Published on February 21st, 2014 | by Adam Slater
3 EMOTIONS YOU’LL FEEL DURING A SPACE SHUTTLE LAUNCH
When things go wrong in space travel, it’s all ‘Houston, we have a problem’. But when things go right, The Kennedy Space Centre in Titusville, Florida is the best seat in the house. But you have to buy tickets or be a scientist to get in there, so I settled for the beach across the road instead.
Emotion one: the anxiety
If you’re lucky enough to be in Florida during a space shuttle launch, there’s a very special ritual to be observed. It essentially involves packing your giant truck/SUV with beer, driving to the beach, parking it in the sunshine, and having a BBQ. Actually, the day feels a bit like a New Years Eve countdown, except with the added anxiety that comes from knowing that the celebrations could be cut short by fiery astronaut deaths.
Even though Gravity taught us that all spacecraft handle like a Toyota Yaris, and that our greatest fear isn’t space itself, but the idea of being alone (or Russians…I can’t remember which), it was also pretty good at showing space for what it is – a horror movie waiting to happen.
It’s not just the sheer danger involved with space launches that makes the butterflies in your stomach throw up. The fact that it only takes a tiny breeze to delay the mission and screw up everything means that if you’ve built a holiday around seeing one of these bad-boys take to the sky, it could be months before for the next chance appears.
To help make sense of all the drama, locals tune their portable and car radios to a special launch day stream that provides a direct link to mission control. Throughout the day, NASA’s endless checks, balances and weather reports are broadcast live across the beach. It’s sometimes hard to decipher, but when the operator breaks his techno-babble to note that ‘the wind is picking up’ three minutes before launch, it doesn’t take a PHD in astrophysics to know that things are looking shaky.
Emotion two: the love
When it comes to launching a space shuttle, the whole operation, the years of planning, training and preparing, comes down to a two-minute launch window. In that window, there can be no breeze, no rain and not even a stray bird. So when crunch time rolls around, and you know how close you are to seeing something truly special, you feel every second.
On this particular day, it took until five seconds before the launch window closed for mission control to finally announce: ‘We are go for launch’ (in the most Apollo 13 voice imaginable). Pure happiness. At that moment, you can’t help but get a shiver down your spine. And when the booster rockets fire, the crowd starts to cheer, the rocket slowly begins to rise off the launch pad and the announcer says: “Discovery makes one last reach for the stars” there’s barely a dry eye.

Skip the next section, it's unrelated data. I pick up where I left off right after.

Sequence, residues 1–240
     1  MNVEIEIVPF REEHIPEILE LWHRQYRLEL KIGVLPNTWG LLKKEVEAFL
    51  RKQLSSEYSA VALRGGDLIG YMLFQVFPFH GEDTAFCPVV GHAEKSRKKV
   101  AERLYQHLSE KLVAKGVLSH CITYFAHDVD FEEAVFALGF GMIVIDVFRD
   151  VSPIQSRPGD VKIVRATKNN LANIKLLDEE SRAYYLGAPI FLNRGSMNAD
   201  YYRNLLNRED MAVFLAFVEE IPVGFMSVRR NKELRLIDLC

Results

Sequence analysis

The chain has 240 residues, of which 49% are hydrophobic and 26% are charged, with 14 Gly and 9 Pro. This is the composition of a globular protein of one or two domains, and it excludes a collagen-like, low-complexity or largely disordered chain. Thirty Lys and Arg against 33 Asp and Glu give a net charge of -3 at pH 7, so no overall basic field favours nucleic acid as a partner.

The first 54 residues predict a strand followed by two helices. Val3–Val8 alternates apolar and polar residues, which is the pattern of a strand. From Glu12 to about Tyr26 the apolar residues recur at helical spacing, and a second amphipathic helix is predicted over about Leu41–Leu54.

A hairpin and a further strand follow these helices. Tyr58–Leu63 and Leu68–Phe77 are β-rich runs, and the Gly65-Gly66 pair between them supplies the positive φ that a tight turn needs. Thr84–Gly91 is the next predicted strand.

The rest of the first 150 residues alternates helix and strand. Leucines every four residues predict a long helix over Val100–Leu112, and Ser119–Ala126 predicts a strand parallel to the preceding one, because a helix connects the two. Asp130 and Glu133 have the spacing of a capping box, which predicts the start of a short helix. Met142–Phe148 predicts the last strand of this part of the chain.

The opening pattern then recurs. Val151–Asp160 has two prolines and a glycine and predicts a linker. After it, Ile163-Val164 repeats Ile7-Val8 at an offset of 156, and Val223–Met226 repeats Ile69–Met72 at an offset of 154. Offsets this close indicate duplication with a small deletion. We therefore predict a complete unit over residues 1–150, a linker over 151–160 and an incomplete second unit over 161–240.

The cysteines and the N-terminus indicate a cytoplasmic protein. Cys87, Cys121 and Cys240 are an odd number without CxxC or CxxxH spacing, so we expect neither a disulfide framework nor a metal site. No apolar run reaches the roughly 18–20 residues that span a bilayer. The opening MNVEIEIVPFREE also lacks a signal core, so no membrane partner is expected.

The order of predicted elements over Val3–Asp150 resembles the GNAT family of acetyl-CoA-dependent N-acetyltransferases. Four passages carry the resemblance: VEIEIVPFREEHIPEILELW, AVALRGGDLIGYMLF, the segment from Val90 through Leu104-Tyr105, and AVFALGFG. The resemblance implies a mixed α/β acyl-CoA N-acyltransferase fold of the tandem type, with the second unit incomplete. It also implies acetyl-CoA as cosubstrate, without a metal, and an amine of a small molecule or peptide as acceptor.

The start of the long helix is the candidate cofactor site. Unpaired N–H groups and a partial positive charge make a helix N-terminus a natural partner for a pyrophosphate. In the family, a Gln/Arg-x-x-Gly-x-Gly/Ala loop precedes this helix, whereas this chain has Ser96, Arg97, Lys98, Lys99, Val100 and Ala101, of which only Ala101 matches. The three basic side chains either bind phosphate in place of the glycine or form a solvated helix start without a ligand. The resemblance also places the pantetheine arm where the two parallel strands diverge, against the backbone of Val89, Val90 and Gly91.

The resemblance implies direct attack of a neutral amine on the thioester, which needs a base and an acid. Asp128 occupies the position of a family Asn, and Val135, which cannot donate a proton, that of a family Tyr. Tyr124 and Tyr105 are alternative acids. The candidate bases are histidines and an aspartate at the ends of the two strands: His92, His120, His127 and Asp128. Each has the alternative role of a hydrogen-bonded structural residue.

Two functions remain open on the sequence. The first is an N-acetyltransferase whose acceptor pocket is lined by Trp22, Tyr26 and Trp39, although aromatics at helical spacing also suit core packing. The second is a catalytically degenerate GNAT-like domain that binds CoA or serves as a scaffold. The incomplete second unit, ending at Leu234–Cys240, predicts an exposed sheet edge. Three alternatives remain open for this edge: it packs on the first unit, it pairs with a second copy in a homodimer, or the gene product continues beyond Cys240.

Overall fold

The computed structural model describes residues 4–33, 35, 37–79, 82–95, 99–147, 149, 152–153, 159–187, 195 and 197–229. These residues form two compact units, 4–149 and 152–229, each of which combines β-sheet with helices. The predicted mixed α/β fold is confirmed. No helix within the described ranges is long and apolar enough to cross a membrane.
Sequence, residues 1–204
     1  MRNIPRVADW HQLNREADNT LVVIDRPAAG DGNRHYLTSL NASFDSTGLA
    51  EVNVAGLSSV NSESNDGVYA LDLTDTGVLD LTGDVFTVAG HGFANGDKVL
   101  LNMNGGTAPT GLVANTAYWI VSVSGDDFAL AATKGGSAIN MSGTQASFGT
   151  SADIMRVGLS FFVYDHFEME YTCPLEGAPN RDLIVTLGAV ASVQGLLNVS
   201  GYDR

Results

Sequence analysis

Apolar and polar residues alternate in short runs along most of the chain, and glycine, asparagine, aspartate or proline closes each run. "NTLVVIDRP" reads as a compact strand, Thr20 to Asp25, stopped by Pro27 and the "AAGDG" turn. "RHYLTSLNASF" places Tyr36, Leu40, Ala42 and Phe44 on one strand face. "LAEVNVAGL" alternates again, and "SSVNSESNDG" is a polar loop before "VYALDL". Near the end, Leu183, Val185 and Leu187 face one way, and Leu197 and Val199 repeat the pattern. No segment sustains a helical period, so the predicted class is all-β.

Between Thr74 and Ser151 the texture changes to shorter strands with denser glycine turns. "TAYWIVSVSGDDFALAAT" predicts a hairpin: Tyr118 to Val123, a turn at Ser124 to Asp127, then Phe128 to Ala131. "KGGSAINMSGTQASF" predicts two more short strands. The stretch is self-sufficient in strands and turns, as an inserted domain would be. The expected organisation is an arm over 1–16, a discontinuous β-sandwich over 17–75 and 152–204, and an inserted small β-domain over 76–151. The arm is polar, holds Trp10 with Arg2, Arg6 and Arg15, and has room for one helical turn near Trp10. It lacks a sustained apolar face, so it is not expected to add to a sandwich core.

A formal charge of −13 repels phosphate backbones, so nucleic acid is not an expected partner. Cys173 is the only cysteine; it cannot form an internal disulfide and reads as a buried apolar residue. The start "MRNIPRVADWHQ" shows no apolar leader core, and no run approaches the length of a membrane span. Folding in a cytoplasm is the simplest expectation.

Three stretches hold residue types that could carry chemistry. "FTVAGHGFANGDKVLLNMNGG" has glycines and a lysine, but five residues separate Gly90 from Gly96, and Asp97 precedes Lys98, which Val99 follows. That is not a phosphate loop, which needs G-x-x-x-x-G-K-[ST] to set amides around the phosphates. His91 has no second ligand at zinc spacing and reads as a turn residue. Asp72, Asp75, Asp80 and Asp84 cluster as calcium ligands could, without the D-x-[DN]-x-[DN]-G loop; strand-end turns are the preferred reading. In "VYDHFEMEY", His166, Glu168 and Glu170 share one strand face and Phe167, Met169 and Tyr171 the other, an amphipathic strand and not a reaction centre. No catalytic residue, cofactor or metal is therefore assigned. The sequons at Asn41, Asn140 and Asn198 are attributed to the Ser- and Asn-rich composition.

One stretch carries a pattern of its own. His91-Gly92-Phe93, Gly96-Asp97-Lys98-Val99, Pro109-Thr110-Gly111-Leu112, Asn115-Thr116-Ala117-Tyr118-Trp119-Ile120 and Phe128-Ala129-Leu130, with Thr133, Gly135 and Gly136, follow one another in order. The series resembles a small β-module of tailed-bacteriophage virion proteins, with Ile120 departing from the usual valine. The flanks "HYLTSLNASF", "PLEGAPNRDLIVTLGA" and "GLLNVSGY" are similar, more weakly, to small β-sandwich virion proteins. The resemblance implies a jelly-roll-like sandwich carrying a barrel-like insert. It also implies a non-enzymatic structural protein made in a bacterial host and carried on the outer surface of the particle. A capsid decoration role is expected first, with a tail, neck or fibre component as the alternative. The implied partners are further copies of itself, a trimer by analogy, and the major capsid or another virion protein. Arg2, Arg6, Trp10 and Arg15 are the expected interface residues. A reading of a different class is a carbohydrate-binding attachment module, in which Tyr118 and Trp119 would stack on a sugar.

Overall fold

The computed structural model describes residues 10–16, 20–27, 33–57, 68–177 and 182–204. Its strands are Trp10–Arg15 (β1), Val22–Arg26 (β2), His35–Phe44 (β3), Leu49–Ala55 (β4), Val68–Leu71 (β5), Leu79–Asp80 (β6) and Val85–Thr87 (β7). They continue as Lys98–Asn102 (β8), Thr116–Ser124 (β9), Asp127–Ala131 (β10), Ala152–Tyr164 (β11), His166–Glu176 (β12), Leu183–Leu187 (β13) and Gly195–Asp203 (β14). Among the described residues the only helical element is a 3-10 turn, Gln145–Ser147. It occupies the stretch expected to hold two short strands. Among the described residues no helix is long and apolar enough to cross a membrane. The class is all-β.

You might recognize the feeling if you’ve ever been to the Pyramids, the Great Wall of China or the Empire State Building. It’s a very human feeling of pride that comes from realising that ‘we did this’. Not individually of course, (by this time, I was too drunk to be operating a spacecraft), but as a collective.
Then, just as you begin to reach a greater understanding of your fellow man, a giant shockwave comes rippling across the water and damn near knocks you over. To be clear, it’s not a symbolic shockwave of solidarity. It comes from either the giant explosion in front of you or possibly because one of the boosters has just broken the speed of sound
Emotion three: the sadness
With all the existential high-fiving complete, what strikes you next is the sheer amount of energy required to lift a three-ton shuttle that far into the stratosphere. It’s like watching the world’s most explosive elevator, heading straight up until it’s completely out of sight.
The moment that this tiny speck of humanity finally disappears into the blue sky is also quite profound, but the combination of beer you have consumed and the neck-ache that comes with looking directly up at the sky for the best part of half an hour will most likely just make you feel dizzy.
Then, it’s all over. Everyone heads back to their cars, with stars in their eyes, eagerly awaiting Discovery’s next mission. Except then you realise this was to be her last launch. And you’ll probably never get to see another shuttle, never mind ride in one. Then you remember you’re not good enough at maths to be an astronaut, and that you don’t have enough money to afford Virgin Galactic.
You’re stuck here. On earth. For good.
…life isn’t fair.